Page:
What is ‘Nulla Bona’?
This simply means that the Debtor has no goods to be seized or has goods of an insufficient value. We can provide you with a ‘Certificate of Nulla Bona’ which allows you to instruct another HCEO or you can issue a Bankruptcy Petition / Winding up Petition against the Debtor without the formal requirement of serving a Statutory Demand.
How long does a Writ last?
The Writ lasts for 12 months from the date the ‘Notice of Enforcement’ was issued, or 12 months from the Debtor last made a payment to us against the Writ. A Writ can be renewed if required.
What happens if you are unsuccessful?
There are several alternative remedies available to you which our sister company Taylor Aitken will be happy to assist you with. For details of ‘alternative remedies’ click here.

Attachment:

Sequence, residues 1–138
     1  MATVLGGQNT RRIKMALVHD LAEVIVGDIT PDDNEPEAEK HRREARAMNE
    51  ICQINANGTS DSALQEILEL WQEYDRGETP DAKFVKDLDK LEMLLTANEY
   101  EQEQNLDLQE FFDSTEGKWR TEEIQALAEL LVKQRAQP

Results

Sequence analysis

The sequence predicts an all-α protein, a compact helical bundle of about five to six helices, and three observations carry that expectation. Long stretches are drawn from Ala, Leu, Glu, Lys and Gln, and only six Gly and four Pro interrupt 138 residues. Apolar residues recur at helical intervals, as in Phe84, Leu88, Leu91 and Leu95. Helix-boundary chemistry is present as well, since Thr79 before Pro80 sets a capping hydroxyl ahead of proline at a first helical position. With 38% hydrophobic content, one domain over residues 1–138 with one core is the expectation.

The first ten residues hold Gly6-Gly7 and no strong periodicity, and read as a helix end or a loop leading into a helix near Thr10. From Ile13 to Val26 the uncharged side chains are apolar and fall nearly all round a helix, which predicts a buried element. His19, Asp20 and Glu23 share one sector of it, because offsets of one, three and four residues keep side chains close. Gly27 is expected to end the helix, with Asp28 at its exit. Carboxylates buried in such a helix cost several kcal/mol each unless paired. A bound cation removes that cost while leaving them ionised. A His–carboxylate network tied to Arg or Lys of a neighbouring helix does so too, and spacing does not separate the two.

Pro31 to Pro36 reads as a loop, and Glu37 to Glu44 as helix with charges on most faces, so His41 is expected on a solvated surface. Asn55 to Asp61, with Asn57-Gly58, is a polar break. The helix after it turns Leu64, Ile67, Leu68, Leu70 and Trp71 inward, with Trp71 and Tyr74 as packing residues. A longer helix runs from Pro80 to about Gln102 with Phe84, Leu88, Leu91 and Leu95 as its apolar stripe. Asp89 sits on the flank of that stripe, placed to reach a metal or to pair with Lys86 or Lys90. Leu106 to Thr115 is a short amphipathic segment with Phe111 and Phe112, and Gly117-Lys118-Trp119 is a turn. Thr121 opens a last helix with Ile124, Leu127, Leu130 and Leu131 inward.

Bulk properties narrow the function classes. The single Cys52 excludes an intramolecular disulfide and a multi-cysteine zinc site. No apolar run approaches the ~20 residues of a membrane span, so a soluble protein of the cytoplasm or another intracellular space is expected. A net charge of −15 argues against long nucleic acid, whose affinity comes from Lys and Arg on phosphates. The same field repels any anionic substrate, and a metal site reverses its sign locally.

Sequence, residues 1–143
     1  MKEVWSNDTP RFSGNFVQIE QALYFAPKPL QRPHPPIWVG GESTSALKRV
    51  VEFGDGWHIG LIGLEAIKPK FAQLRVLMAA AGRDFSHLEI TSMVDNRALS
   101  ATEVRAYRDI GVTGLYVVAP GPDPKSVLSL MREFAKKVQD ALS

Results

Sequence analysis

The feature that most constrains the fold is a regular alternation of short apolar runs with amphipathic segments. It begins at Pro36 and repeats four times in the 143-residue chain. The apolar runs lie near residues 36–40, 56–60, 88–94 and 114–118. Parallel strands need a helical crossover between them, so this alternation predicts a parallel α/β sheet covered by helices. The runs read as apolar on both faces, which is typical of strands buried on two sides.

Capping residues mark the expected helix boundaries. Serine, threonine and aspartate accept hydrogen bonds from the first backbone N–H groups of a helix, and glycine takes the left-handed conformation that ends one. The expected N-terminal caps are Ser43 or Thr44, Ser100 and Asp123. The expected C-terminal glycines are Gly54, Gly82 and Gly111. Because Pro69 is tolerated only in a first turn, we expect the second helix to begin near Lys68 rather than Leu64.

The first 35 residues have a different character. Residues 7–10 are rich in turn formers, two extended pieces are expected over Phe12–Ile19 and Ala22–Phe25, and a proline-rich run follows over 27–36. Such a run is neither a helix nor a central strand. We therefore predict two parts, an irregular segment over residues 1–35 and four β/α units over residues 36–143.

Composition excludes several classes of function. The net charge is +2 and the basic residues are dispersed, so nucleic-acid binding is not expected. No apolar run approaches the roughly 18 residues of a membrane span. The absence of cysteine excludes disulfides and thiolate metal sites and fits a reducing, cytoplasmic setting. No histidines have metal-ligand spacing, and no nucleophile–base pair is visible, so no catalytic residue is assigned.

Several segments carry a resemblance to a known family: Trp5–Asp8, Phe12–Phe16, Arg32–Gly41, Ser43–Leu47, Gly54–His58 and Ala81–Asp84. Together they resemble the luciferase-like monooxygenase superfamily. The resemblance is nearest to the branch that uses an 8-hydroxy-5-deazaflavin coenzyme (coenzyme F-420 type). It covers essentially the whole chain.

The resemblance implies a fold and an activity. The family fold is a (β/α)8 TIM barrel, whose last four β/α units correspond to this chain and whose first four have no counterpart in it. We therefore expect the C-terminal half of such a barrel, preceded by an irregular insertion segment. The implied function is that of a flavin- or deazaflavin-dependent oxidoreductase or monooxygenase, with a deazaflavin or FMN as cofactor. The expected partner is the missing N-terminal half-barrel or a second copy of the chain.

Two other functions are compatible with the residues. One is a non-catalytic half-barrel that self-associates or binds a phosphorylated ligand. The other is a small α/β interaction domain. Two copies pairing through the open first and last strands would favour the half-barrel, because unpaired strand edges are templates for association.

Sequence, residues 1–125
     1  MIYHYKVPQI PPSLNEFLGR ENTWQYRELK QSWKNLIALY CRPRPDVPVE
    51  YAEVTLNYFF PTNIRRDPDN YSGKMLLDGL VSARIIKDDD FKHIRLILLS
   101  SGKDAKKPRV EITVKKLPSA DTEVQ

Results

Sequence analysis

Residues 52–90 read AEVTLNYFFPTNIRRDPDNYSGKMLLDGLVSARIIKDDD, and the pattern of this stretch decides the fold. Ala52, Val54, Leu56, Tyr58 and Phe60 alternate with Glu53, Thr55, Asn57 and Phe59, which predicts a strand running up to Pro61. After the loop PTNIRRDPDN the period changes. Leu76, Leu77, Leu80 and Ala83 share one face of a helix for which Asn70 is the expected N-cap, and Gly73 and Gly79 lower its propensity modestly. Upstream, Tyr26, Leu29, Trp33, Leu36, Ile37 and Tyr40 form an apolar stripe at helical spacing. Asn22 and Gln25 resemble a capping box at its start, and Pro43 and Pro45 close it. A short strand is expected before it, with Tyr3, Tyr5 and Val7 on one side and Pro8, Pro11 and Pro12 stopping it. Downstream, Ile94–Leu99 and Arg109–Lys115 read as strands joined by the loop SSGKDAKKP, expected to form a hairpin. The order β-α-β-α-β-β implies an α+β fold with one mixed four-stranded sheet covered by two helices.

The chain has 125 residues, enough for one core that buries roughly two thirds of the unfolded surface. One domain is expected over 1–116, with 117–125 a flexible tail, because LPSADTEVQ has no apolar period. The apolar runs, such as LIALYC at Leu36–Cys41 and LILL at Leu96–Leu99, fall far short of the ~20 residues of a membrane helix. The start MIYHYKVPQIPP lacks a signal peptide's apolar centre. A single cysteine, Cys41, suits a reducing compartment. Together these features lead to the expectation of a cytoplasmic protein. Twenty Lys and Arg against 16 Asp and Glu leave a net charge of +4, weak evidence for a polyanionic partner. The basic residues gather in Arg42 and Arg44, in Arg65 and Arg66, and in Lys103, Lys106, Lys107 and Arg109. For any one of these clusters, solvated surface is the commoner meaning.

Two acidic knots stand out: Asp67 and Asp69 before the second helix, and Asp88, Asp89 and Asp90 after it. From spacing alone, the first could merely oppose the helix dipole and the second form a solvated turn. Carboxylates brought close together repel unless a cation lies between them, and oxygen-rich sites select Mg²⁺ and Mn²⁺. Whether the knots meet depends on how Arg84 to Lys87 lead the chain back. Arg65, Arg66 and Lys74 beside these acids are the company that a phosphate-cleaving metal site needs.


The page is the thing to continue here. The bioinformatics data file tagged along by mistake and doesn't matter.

How will I know what is happening with my case?
The moment we receive the sealed Writ you will receive an advisory email from us detailing the next phase of enforcement: the ‘Compliance Stage’. This is when we issue a regulatory ‘Notice of Enforcement’. Often the Debtor makes full payment to us during this stage, and should this happen, you will be notified.
If the Debtor does not make full payment, then the case goes to the Enforcement Stages, and you will be notified that this has happened. You will be informed of everything that is happening to your Judgement debt going forward in the form of reports, emails, or telephone calls. And of course, you can always contact us for an update.